When living with diabetes, your dietary decisions hold significant importance. While some food options are more beneficial for managing the condition, others are not as ideal.

Although no food is entirely prohibited, even those deemed as the most detrimental can be enjoyed occasionally, but only in small portions. However, consuming them will not provide much nutritional value, and it’s recommended to prioritize the “best” food choices for easier diabetes management.

Best and Worst Foods List for Diabetes

Selecting healthy food and drink options is crucial in managing diabetes. Below are some recommendations for choosing the best options and avoiding the worst.

1. Starches

Carbohydrates are essential for your body, but it’s important to make wise choices when selecting them. This list can serve as a guide to help you make informed decisions.

Best Choices

  • Whole grains, such as brown rice, oatmeal, quinoa, millet, or amaranth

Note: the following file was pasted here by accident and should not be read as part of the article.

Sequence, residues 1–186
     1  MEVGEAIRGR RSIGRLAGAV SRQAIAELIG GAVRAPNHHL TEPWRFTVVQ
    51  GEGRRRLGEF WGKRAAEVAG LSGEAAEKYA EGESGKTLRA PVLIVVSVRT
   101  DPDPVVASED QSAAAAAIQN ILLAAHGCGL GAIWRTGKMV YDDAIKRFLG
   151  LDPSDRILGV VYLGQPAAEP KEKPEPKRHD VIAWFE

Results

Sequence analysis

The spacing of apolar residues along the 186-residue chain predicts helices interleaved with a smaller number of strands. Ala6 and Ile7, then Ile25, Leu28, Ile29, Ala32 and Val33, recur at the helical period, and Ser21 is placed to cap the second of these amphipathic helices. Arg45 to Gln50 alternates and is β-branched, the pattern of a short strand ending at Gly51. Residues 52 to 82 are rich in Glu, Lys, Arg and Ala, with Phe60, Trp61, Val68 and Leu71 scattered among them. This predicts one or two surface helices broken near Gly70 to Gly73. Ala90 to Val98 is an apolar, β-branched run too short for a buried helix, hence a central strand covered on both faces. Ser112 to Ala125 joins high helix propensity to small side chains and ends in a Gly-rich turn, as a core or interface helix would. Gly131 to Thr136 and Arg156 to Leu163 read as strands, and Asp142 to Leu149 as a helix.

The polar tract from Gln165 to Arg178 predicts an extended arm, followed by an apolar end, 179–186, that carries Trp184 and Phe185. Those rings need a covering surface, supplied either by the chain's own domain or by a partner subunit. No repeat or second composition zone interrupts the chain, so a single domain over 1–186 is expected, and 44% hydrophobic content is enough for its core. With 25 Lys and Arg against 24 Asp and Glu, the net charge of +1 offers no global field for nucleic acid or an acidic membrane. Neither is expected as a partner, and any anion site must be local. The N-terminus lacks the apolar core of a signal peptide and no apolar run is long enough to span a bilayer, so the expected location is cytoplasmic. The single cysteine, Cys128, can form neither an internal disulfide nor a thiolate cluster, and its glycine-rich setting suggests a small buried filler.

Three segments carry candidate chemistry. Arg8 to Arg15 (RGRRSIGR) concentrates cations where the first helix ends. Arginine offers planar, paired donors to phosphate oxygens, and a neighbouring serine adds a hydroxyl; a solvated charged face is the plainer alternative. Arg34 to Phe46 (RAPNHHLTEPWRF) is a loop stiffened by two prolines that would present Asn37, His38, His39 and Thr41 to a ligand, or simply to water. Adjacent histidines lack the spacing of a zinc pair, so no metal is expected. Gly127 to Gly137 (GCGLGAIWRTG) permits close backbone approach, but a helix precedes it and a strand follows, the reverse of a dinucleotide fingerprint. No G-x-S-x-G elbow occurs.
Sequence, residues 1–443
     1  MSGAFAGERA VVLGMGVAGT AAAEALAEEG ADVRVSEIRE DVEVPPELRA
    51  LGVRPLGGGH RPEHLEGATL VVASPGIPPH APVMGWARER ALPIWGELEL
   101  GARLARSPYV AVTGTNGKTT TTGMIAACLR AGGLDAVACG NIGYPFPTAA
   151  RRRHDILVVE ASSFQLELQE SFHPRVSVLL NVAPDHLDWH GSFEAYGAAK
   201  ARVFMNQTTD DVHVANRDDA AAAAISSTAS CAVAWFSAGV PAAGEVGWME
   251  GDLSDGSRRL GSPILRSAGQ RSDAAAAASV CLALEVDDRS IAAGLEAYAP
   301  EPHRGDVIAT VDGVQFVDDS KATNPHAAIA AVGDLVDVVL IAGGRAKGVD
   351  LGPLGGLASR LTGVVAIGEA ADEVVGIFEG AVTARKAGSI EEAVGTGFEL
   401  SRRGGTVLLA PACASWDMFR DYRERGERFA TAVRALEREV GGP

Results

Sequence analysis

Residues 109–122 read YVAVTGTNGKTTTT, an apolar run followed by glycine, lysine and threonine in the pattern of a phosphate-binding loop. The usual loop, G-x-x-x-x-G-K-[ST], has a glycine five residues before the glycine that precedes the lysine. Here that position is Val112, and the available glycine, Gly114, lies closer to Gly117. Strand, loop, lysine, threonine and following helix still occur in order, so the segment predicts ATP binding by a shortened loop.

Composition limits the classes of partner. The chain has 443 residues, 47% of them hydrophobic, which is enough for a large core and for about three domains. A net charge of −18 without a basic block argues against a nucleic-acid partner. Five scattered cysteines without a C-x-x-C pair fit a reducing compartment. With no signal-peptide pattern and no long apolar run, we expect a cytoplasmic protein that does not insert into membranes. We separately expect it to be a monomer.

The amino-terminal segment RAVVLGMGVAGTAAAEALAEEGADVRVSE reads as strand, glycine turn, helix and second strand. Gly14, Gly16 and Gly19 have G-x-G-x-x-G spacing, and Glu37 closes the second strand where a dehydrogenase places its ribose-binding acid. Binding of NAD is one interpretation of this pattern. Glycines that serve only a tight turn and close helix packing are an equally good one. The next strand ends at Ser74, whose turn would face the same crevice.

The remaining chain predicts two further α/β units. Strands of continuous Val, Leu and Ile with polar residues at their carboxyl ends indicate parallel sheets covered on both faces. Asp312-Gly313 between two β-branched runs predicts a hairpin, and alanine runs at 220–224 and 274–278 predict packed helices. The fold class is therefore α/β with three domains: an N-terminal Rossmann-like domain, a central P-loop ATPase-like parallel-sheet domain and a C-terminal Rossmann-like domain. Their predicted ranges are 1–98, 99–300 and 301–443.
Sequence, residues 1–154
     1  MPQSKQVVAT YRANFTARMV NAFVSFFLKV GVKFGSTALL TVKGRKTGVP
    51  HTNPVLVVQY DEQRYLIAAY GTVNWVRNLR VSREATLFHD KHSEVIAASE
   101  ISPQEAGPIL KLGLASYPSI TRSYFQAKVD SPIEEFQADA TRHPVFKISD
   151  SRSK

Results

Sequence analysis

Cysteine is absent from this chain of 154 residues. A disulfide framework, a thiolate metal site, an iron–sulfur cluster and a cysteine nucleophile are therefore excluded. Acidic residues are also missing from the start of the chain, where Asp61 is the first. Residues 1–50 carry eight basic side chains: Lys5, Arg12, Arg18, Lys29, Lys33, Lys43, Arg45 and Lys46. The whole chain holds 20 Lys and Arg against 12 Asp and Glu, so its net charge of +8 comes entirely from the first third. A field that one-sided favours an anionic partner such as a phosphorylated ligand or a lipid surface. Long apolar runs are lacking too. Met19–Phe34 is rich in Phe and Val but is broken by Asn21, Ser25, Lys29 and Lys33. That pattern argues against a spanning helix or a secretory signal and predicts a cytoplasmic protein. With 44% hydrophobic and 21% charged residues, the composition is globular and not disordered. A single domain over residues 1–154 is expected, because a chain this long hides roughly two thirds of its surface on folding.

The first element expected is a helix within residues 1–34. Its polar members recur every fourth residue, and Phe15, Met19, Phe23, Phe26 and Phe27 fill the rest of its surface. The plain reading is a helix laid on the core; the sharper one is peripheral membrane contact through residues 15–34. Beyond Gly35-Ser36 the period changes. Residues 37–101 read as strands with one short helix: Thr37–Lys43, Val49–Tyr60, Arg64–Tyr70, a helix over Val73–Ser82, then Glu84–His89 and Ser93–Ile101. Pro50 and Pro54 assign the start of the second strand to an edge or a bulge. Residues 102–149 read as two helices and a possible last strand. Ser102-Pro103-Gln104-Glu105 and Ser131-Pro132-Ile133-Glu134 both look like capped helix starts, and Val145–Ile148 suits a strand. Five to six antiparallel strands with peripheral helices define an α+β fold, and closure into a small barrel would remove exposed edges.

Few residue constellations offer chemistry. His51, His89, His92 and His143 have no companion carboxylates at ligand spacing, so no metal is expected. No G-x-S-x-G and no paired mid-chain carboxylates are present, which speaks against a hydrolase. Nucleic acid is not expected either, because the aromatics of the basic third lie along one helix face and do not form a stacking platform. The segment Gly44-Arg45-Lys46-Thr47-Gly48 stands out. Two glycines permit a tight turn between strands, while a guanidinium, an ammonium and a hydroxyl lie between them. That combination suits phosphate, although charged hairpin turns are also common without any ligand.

• Baked sweet potato
  • Products created with whole grains and minimal or no added sugar are preferable.

Worst Choices

  • Processed grains, such as white rice or white flour
  • Cereals with little whole grains and lots of sugar
  • White bread
  • French fries
  • Fried white-flour tortillas

2. Vegetables

Go ahead and fill up your plate! By doing so, you’ll consume high amounts of fiber with minimal fat or salt, unless you intentionally include them. Keep in mind that potatoes and corn should be considered as carbohydrate sources.

Best Choices

  • Fresh veggies, eaten raw or lightly steamed, roasted, or grilled
  • Plain frozen vegetables, lightly steamed
  • Vegetables like kale, spinach, and arugula are excellent options due to their nutrient density. However, iceberg lettuce is not as beneficial as it lacks many essential nutrients.
  • Low sodium or unsalted canned vegetables

Incorporate a range of colors into your vegetable intake, including deep greens, reds, oranges (such as carrots or red peppers), whites (like onions), and even purples (such as eggplants). The 2015 U.S. dietary guidelines suggest consuming 2.5 cups of vegetables daily.

Worst Choices

  • Canned vegetables with lots of added sodium
  • Veggies cooked with lots of added butter, cheese, or sauce
  • Pickles, if you need to limit sodium. Otherwise, pickles are OK.
  • Similar to pickles, sauerkraut should be limited if you have high blood pressure.


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